The DFL-controlled Minnesota House passed an omnibus bill aiming to hike income tax rates for higher-earners; tax companies’ international income; and exempt from state taxes some federal loans and unemployment benefits during the COVID-19 pandemic.
With a vote of 68-66, HF 991 barely passed on Thursday.
It’s expected to be dead upon arrival to the GOP-dominated Senate, which has repeatedly said it will pass no bill that raises taxes, citing Minnesota’s $1.6 billion surplus and nearly $5 billion in stimulus money on the way from the federal government.
“This is a bill that stands up for those who have been hit hardest by COVID-19,” bill sponsor Rep. Paul Marquart, DFL-Dilworth, said. “It provides over $1 billion in tax cuts and aids directly to our families, workers and small businesses. And we pay for it by creating a better tax code that levels the playing field.”
The bill aims to create a new fifth-tier income tax rate of 11.15% on income above $1 million, or $500,000 for single filers. Proponents estimate the change would bring in $303.6 million in fiscal year 2022, $564 million in the 2022-23 biennium.
A corporate franchise taxes change would tax income of a controlled foreign corporation subject to the state’s apportionment formula, or require it to report its worldwide income. Experts say this would reap $229.6 million in revenue in fiscal year 2022.
The bill is projected to raise $49 billion in revenue for the 2022-23 biennium and dish out $4.2 billion in tax refunds, aid, and credits. That would leave $1.7 billion in the state’s budget reserve account and $100 million in the stadium reserve account, House Session reported.
The bill also seeks to allow exemption of unemployment benefits up to $10,200 for those with gross incomes under $150,000 only for tax year 2020. However, that would apply to millions of Minnesotans, and is estimated to reduce state revenues by $259.7 million.
The plan would exempt the first $350,000 for each Paycheck Protection Program (PPP) loan received. The current corporate tax rate is 9.8%. These PPP provisions would reduce revenues by $241 million in the next biennium.
The Senate has already passed legislation to entirely exempt PPP loans from state taxes, costing roughly $400 million.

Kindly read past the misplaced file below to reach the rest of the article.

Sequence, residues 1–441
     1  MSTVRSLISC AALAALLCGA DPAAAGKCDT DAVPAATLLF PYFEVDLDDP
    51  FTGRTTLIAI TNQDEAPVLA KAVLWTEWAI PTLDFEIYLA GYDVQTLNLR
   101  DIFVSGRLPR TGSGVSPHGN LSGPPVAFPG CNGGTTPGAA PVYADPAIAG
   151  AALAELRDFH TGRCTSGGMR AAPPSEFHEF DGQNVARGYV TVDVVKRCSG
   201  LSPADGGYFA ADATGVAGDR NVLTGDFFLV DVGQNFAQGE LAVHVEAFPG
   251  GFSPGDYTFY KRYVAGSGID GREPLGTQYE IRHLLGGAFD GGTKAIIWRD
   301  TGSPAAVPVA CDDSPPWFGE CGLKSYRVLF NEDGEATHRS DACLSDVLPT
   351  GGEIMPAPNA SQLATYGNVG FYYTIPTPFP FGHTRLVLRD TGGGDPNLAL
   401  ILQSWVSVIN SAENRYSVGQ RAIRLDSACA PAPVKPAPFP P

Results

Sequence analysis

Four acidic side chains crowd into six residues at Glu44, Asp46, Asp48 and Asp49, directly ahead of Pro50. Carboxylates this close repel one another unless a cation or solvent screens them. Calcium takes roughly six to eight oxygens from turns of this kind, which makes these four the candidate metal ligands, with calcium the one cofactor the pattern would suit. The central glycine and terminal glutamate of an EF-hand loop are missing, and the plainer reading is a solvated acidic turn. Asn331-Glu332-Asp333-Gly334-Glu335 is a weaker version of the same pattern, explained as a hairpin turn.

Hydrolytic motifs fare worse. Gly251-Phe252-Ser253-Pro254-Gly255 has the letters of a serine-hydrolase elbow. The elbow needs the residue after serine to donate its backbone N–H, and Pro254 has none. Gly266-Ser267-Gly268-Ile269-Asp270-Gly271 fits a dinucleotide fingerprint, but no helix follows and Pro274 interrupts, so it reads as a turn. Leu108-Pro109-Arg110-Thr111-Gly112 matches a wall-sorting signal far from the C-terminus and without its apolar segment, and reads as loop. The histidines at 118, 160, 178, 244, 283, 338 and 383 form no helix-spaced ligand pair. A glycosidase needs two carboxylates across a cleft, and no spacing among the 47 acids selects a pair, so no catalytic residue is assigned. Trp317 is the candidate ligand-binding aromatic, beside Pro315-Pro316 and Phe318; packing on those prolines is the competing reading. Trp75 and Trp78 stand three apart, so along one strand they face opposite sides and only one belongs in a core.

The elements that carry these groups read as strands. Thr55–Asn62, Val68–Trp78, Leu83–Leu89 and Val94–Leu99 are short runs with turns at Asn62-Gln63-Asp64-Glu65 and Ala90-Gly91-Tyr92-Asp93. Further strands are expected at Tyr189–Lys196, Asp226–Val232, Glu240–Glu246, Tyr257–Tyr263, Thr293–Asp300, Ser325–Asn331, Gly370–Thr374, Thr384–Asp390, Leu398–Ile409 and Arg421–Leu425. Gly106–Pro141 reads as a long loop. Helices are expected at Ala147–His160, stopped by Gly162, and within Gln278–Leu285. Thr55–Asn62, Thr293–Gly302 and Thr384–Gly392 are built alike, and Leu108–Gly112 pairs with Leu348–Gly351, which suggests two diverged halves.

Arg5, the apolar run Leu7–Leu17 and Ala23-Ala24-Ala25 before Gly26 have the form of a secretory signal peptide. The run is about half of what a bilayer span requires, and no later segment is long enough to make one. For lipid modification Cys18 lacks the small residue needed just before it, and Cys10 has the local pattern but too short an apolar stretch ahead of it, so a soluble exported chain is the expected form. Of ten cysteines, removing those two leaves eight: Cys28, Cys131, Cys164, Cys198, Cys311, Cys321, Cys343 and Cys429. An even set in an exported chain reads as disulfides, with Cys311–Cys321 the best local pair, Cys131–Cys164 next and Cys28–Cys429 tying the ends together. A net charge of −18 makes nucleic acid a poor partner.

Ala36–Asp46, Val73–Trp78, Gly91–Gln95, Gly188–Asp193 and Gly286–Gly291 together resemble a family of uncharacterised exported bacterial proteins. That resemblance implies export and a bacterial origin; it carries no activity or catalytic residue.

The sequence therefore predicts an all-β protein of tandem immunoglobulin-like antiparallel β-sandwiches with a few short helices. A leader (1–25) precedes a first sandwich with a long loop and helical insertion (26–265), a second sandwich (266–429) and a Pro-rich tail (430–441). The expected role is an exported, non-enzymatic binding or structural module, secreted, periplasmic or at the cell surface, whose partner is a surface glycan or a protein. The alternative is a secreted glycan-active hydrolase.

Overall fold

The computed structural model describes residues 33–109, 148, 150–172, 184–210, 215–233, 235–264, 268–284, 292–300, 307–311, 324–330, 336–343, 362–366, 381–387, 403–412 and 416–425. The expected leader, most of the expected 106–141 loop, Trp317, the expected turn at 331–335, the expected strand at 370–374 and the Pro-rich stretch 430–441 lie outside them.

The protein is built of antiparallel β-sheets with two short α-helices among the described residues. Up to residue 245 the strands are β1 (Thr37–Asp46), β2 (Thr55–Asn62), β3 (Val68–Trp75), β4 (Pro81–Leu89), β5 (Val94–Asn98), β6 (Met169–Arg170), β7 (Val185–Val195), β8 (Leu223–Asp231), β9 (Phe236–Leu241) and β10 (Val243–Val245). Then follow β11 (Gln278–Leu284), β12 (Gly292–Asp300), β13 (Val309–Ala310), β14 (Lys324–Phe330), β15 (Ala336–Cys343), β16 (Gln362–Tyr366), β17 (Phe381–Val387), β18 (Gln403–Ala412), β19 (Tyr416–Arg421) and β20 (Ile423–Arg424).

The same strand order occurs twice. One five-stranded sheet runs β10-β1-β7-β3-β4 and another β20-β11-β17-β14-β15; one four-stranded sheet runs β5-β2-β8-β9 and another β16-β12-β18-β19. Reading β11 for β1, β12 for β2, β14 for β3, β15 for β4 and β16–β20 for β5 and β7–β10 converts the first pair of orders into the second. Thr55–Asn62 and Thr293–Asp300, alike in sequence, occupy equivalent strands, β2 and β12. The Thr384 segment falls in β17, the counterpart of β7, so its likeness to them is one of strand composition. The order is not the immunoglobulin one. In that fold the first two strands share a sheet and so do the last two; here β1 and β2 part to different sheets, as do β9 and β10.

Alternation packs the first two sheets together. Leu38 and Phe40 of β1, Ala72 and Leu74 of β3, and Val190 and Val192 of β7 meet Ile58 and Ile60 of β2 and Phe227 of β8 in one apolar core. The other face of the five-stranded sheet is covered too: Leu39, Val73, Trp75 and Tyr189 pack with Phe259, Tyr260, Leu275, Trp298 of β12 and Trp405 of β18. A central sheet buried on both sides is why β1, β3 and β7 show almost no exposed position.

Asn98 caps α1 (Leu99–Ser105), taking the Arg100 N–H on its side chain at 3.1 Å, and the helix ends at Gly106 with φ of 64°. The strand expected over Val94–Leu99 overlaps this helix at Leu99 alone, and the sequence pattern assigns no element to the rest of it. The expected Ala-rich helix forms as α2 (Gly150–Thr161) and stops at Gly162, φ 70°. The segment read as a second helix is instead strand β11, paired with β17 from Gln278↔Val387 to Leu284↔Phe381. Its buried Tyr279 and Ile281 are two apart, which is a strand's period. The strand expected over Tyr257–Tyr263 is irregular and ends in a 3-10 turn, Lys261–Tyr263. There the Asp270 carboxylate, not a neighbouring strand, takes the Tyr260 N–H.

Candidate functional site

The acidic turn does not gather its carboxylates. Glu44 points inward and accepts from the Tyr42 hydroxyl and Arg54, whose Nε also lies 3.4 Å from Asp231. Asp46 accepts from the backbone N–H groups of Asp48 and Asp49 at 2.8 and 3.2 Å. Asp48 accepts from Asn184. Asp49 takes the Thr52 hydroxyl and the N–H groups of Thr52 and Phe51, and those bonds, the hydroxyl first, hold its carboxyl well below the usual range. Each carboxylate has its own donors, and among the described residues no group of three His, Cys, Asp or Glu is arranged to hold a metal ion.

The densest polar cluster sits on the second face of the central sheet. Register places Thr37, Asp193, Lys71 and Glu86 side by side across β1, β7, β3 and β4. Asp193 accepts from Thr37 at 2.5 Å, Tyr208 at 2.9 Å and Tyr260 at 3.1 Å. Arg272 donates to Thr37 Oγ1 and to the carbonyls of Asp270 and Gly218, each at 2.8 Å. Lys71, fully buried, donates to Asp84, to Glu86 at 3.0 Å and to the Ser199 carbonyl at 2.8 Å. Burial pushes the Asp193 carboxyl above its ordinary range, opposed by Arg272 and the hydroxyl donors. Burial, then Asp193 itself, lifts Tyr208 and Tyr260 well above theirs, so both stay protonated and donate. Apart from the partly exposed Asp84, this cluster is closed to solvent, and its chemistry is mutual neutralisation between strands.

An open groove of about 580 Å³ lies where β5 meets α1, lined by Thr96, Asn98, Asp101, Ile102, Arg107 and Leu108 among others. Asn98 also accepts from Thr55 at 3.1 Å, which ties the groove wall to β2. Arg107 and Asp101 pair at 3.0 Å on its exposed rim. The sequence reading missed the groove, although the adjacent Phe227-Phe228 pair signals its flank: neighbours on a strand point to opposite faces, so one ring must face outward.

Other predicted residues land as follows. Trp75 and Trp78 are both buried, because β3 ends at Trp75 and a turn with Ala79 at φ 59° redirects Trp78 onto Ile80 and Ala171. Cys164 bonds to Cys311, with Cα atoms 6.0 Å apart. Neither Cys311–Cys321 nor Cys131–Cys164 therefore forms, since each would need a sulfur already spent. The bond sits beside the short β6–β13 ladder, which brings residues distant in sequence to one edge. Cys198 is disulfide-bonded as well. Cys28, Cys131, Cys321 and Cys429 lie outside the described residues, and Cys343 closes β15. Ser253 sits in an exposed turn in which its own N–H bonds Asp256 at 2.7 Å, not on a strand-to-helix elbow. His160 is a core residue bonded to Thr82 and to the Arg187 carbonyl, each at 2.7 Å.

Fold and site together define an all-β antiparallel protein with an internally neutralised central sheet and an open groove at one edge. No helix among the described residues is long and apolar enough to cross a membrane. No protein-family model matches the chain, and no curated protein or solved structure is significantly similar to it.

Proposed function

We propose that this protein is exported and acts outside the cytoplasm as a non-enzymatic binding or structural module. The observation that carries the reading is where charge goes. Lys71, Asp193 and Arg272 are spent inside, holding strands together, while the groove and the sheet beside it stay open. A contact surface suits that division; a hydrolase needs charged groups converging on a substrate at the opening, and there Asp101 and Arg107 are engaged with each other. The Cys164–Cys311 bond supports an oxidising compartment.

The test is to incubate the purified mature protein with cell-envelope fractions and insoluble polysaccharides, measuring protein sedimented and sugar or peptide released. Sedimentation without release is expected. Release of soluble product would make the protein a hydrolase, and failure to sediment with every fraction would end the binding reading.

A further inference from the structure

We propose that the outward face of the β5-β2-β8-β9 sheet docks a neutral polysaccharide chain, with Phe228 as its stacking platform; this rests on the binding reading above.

Other provisions within the DFL bill include:
- Expanding the state’s tobacco product tax to include electronic vapor devices and subjecting them to a 95% tax on the wholesale sales price;
- Establish a new homelessness prevention fund would provide $25 million in annual aid to counties beginning in fiscal year 2023;
- Set aside $10 million for the small-business investment credit for tax year 2022 and extend its sunset by one year;
- Increase the market value exclusion on the statewide property tax from $100,000 to $150,000;
- Establish a nonrefundable tax credit equal to 25% of eligible film production costs in Minnesota. The credits would be be able to be carried forward for five years.
“This bill sends us in the wrong direction,” Rep. Kristin Robbins, R-Maple Grove, said, House Session reported. “The fifth tier hurts small businesses who pay their taxes as pass-through businesses. And the corporate provisions would make us the only state in the country to move from a water’s-edge state to worldwide combined reporting. This was tried in the ‘80s, and every state that adopted this rejected it. … Companies will move elsewhere if we incentivize them to do so, as this bill does.”
The bill would also establish a taxpayer receipt program. After a Minnesotan enters an income, the website estimates the amount of income, sales, alcohol, tobacco, and motor vehicle fuel taxes paid by the user.
This article was originally posted on Minnesota House passes plan to raise high-earner taxes, exempt some PPP loans and unemployment benefits
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